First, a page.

Kicking Ass with plyr

Tonight (October 29, 2009) at 5:30 PM is the Chicago R meetup at Jaks tap. Here’s more info.  I’ll be making a presentation based on my earlier blog post about plyr. The presentation will only be 8 minutes long so I’ve had to pick and choose my info carefully. OK, who am I kidding? I had a couple of Schlitz (in a bottle!) for lunch over at Boni Vinos and slammed some slides together rather haphazardly. At any rate, here’s the presentation. I owe special thanks to all the folks in Twitter who reviewed these slides this week. A special shout out to @kenahoo who caught my one code typo! And also to @hadleywickham (author of plyr) who made some good suggestions, some of which I heeded. As a professor he should consider 15% application of his information to be a phenomenally high rate.

Click the graphic to download the slides as a PDF:


If you’re wondering what my favorite beer is, I’ll give you a secret. My favorite beer is #3. That’s the one that makes me a persuasive and articulate public speaker. #4 makes me dance well.

I hope to see you tonight.


  1. Farrel Buchinsky says:

    How does plyr differ from casting using the reshape package also from Hadley Wickham?

  2. J says:

    Farrel, I suspect there is a bit of code base sharing between the reshape and the plyr projects. In many situations (my simple mean example) the same result could be obtained with either package.

    One difference is that plyr is built to take input from any one of 3 formats and output anyone of 4 ways. Another difference is that plyr does not have the functionality to do the equivalent of the ‘melt’ command from reshape.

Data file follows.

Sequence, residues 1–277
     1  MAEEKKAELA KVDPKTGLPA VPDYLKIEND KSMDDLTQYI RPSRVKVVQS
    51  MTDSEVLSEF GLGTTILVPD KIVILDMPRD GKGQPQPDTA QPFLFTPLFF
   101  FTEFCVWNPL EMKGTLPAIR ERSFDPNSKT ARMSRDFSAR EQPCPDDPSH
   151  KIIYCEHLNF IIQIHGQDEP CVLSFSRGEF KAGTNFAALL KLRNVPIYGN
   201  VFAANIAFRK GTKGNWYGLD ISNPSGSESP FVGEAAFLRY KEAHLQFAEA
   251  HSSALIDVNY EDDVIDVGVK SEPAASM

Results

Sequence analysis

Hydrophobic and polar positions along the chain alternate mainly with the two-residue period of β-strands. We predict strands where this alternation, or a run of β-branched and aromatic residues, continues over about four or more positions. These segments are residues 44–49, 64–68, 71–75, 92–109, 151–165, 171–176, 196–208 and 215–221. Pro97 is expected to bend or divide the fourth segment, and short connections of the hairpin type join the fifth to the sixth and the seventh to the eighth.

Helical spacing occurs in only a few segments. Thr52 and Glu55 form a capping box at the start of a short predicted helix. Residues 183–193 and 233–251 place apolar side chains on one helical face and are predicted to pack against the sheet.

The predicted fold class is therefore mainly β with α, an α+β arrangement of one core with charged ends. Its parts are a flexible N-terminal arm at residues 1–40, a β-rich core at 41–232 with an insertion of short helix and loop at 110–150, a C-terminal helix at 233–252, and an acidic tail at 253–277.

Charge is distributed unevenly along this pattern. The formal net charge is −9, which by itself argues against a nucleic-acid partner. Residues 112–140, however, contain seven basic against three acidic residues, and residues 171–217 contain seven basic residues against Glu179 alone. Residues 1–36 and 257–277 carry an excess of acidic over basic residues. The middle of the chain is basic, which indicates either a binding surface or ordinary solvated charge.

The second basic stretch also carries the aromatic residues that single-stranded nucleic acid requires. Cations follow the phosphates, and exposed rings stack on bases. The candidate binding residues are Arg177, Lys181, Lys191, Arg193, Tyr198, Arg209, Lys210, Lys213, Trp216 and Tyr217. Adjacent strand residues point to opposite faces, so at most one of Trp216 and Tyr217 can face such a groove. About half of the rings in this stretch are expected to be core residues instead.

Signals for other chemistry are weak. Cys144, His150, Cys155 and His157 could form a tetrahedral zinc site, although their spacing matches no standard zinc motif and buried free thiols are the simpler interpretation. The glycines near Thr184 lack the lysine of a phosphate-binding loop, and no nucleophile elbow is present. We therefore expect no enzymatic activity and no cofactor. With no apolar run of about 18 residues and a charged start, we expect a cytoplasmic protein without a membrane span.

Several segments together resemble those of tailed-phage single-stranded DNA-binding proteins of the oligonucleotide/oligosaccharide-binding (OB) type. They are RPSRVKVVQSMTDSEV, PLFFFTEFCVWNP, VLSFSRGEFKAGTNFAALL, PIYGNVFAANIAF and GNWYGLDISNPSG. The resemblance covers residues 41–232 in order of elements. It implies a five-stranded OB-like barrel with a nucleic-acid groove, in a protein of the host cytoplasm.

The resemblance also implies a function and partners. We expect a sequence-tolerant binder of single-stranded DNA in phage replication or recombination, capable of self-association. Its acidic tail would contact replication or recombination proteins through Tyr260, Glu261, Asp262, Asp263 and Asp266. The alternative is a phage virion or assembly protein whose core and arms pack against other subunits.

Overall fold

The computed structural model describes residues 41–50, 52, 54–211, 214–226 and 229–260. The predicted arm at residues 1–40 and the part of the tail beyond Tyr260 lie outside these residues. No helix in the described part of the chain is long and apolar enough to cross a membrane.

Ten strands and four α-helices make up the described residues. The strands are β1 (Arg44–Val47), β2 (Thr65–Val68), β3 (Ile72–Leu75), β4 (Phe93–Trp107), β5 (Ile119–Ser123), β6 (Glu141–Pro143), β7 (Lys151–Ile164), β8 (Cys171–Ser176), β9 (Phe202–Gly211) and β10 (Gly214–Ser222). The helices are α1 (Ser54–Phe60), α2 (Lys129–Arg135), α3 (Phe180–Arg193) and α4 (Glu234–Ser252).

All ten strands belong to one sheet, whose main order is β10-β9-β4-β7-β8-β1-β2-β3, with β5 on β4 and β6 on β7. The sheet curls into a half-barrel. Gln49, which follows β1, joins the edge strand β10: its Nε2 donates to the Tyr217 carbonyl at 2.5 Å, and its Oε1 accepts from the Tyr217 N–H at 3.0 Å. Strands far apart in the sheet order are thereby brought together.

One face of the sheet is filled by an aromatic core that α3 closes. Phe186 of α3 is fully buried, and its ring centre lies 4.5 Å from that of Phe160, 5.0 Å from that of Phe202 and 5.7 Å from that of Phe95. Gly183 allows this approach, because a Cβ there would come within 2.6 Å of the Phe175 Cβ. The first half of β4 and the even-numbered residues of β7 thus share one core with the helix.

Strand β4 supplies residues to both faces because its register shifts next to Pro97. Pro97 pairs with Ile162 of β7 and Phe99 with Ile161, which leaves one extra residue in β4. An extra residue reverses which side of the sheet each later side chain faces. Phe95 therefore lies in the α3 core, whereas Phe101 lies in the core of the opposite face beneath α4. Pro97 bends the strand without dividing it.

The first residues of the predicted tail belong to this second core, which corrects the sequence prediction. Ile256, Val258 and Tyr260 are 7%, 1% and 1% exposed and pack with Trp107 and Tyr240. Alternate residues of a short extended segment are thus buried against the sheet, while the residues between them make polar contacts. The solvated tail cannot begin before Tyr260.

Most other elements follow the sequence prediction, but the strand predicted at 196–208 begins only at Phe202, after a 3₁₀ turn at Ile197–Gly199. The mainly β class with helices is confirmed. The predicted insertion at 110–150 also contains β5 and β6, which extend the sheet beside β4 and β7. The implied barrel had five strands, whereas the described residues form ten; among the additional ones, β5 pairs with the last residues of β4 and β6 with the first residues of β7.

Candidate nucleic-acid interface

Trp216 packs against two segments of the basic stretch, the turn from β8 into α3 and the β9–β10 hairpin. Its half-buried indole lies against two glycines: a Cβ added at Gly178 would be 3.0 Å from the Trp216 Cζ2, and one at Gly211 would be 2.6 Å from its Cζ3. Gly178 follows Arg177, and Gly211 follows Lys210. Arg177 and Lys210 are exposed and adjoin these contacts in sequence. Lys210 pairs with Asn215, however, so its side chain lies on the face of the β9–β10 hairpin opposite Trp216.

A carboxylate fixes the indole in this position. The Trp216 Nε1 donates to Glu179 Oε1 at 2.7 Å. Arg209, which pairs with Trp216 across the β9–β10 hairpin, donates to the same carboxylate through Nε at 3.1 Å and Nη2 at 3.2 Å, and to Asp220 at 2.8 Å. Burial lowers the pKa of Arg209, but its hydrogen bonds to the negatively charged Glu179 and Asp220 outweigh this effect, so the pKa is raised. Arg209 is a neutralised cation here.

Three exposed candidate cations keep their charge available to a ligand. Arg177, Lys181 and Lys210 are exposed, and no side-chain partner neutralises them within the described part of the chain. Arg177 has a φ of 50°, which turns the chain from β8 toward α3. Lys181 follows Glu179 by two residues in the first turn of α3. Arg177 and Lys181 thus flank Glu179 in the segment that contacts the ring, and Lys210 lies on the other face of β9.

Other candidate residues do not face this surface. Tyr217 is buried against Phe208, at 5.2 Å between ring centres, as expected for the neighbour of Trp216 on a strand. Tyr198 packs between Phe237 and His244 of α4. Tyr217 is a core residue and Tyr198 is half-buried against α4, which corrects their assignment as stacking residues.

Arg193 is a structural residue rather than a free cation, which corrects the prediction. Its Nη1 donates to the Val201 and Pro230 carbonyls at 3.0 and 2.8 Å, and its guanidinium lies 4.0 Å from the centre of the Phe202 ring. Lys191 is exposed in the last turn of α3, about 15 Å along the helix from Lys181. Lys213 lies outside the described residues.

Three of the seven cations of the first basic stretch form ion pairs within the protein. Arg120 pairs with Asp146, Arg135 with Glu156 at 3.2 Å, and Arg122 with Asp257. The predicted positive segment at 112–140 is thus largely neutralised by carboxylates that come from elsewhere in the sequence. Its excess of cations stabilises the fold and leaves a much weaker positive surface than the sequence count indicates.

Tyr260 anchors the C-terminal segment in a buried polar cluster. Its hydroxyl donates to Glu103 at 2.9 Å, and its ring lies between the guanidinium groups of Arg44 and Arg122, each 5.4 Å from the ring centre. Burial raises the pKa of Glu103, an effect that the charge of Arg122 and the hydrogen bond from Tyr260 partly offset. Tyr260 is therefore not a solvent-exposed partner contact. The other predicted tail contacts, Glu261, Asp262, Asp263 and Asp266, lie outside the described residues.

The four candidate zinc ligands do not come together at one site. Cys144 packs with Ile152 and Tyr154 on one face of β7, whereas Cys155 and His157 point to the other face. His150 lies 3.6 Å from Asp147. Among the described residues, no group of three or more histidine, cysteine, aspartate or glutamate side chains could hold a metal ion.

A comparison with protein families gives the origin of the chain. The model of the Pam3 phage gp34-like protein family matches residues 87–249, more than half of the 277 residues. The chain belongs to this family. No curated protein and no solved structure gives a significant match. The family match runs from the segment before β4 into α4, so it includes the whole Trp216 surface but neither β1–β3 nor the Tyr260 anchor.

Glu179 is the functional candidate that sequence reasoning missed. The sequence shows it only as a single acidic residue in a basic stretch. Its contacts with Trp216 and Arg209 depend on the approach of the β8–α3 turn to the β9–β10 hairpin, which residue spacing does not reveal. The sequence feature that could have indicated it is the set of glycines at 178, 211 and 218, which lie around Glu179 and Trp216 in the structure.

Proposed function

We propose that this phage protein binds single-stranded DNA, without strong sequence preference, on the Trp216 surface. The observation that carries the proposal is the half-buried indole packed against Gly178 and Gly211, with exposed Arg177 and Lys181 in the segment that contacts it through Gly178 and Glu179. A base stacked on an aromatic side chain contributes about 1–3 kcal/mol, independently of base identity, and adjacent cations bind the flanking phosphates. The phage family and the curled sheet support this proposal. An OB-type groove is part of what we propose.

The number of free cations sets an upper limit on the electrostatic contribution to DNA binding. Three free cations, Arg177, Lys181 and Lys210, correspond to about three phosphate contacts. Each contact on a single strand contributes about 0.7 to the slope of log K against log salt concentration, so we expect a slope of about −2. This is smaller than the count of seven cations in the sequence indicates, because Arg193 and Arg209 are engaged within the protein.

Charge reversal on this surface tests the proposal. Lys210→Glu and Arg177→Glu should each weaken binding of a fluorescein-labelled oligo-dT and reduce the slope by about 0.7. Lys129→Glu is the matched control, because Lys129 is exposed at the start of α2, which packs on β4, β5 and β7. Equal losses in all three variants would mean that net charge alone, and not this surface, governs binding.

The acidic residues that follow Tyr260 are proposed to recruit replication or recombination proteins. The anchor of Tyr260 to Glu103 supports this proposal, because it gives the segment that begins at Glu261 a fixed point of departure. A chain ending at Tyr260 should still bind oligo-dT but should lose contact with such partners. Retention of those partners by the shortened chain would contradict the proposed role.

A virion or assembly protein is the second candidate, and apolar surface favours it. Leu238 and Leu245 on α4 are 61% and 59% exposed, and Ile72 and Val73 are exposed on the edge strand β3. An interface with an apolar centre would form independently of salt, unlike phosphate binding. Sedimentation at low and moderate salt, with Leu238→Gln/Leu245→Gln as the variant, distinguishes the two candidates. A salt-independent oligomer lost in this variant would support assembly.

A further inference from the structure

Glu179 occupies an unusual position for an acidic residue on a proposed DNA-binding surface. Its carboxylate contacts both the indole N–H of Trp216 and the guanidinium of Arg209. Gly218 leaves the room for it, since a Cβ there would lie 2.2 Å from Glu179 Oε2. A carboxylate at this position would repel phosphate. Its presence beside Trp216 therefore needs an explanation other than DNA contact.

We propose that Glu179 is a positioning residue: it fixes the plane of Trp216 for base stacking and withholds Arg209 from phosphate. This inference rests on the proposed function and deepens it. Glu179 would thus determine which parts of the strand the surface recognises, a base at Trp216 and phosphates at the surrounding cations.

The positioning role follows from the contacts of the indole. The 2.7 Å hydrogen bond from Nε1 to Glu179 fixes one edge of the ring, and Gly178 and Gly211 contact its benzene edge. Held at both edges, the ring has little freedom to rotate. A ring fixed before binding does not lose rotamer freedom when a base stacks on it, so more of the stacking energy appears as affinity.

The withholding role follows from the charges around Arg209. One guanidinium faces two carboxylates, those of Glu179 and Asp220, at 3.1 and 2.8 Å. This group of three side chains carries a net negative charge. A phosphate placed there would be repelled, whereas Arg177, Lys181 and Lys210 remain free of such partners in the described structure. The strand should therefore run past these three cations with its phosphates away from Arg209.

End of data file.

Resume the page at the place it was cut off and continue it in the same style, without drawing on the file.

Here’s my heuristic on when to use which package:

    1) if normalizing / de-normalizing a data frame is the main purpose: reshape
    2) Summarizing a data frame: either package
    3) taking data from one type of object, doing a split, apply, combine operation and outputting in another object: plyr

    I also have a number of summary type things that could be done in either. I tend to do those with plyr so I don’t have to remember both syntax sets. I generally only use reshape for #1 above.

    I hope that helps.

    The reshape package:

  3. Jay says:

    Yes reshape and plyr share some possibilities but what plyr also makes easy is within group work (where you are not summarizing to a single row per group) such as adding group aggregates, etc…

    There are also many other options such as building models for each group, easilty traverse those objects and produce easy to use ouput, etc…performing operations by group id(s) is powerful and easy to use.

    This is a great package!

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